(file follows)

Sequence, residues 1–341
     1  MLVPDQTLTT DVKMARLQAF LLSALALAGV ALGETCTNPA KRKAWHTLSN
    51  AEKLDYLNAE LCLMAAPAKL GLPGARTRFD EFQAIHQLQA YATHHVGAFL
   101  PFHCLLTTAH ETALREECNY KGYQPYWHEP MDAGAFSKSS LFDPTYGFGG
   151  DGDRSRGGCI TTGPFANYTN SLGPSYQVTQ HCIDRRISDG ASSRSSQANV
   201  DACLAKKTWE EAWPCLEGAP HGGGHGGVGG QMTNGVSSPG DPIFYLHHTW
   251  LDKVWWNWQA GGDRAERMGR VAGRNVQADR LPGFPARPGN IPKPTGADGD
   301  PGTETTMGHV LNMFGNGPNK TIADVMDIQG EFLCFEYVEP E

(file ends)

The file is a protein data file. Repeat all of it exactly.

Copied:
Sequence, residues 1–341
     1  MLVPDQTLTT DVKMARLQAF LLSALALAGV ALGETCTNPA KRKAWHTLSN
    51  AEKLDYLNAE LCLMAAPAKL GLPGARTRFD EFQAIHQLQA YATHHVGAFL
   101  PFHCLLTTAH ETALREECNY KGYQPYWHEP MDAGAFSKSS LFDPTYGFGG
   151  DGDRSRGGCI TTGPFANYTN SLGPSYQVTQ HCIDRRISDG ASSRSSQANV
   201  DACLAKKTWE EAWPCLEGAP HGGGHGGVGG QMTNGVSSPG DPIFYLHHTW
   251  LDKVWWNWQA GGDRAERMGR VAGRNVQADR LPGFPARPGN IPKPTGADGD
   301  PGTETTMGHV LNMFGNGPNK TIADVMDIQG EFLCFEYVEP E